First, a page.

Singular Women: Writing the Artist

By Kristen Frederickson; Sarah E. Webb | Go to book overview

ARTEMISIA'S TRIAL BY CINEMA
MARY D. GARRARD

In early May 1998, the film Artemisia opened in theaters across America. Created by the French filmmaker Agnes Merlet and distributed by Miramax Zoë, the picture was based on the life of the Italian baroque painter Artemisia Gentileschi, specifically the period of the infamous rape trial of 1612. The relationship of the film to historical reality was problematized at the outset by a claim that originally appeared in the opening frames and in accompanying advertisements: “The true story of the first female painter in art history. ” Given the vast discrepancy between the facts of the trial and their interpretative rearrangement by Merlet, this assertion provoked a strong reaction from the feminist and art communities. 1 The immediate result was that Miramax removed the offending claim from the film and subsequent publicity. The film was sharply criticized on both historical and aesthetic grounds at a symposium on May 14 sponsored by the Richard L. Feigen Gallery in New York, in conjunction with the exhibition of works by Artemisia and Orazio Gentileschi and Agostino Tassi. 2 At the end of May, however, Miramax was still insisting that “a lot of research went into this film…. We stand by it 100 percent. ” 3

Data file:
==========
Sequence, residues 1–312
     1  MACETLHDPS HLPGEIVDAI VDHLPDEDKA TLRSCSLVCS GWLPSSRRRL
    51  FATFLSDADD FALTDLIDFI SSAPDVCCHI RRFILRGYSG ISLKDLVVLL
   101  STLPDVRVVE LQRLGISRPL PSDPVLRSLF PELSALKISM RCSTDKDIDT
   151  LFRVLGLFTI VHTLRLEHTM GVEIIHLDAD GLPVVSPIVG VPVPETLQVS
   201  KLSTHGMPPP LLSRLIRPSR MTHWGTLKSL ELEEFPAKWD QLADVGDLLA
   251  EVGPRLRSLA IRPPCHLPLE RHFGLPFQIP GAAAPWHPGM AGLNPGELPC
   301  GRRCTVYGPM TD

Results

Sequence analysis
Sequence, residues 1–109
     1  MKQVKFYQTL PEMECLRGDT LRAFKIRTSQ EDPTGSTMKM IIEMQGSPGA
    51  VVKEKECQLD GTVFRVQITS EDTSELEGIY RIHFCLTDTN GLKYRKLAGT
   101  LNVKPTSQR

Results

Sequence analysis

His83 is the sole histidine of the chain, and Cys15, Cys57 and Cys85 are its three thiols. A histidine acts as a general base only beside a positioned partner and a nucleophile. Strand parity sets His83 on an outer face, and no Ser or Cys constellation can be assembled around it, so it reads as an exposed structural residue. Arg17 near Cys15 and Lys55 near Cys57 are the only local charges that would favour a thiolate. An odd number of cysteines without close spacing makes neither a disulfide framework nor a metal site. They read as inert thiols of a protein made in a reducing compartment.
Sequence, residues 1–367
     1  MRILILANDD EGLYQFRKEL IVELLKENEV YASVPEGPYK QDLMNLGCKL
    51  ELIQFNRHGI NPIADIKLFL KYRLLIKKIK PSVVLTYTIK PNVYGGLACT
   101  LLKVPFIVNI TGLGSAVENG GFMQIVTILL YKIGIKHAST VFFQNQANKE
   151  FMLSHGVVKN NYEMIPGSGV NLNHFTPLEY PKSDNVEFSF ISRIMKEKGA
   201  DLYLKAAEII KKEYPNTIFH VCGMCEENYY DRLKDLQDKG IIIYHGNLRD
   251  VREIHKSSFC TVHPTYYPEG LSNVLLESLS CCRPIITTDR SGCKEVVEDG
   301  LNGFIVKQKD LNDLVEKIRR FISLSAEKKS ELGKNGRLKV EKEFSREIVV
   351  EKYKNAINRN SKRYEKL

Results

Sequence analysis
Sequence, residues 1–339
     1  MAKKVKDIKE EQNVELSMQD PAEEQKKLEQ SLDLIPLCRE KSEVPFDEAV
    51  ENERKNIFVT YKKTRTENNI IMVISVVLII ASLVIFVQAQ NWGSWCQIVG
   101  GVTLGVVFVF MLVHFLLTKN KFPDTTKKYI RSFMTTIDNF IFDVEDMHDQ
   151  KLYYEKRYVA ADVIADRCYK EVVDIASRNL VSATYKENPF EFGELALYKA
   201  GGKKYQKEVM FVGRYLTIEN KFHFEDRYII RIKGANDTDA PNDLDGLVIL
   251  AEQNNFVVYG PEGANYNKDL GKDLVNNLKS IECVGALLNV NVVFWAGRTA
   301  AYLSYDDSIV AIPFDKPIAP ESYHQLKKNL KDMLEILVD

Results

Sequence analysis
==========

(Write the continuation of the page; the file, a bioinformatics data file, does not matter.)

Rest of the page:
There can be no doubt that the basic facts of the story are inverted in the film. In Merlet's narrative, Artemisia begs to study under, and

© Mary D. Garrard. Originally published in Art in America, October 1998. Reprinted courtesy of Brant Publications, Inc.

-21-

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Singular Women: Writing the Artist
Table of contents

Table of contents

  • Title Page *
  • Contents *
  • List of Illustrations ix
  • Acknowledgments xi
  • Introduction - Histories, Silences, and Stories 1
  • Notes *
  • Artemisia's Trial by Cinema 21
  • Notes *
  • Mary D. Garrard, Interviewed by Kristen Frederickson and Sarah E. Webb 30
  • A Light in the Galaxy - Judith Leyster 36
  • Notes *
  • So What Are You Working On? - Categorizing the Exceptional Woman 48
  • Notes *
  • Mother Land Missed - The Becoming Landscapes of Clementina, Viscountess Hawarden, and Sally Mann 66
  • Notes *
  • A Sermon in Patchwork - New Light on Harriet Powers 81
  • Notes *
  • A Sermon in Patchwork 95
  • Two Ways of Thinking About Mary Cassatt 100
  • Notes *
  • Florine Stettheimer - Becoming Herself 111
  • Notes *
  • Writing About Forgotten Women Artists - The Rediscovery of Jo Nivison Hopper 130
  • Notes *
  • Designing Woman - Writing About Eleanor Raymond 146
  • Notes *
  • Elizabeth Catlett 163
  • Notes *
  • Subjectivity, (Auto)Biography, and the “artist Named Pereira” 179
  • Notes 194
  • Codex Spero - Rethinking the Monograph as a Feminist 200
  • Notes *
  • At Last! a Great Woman Artist - Writing About Carolee Schneemann's Epistolary Practice 213
  • Notes 232
  • Epilogue - Mark Making, Writing, and Erasure 238
  • Notes *
  • Bibliography 251
  • About the Contributors 259
  • Index 263
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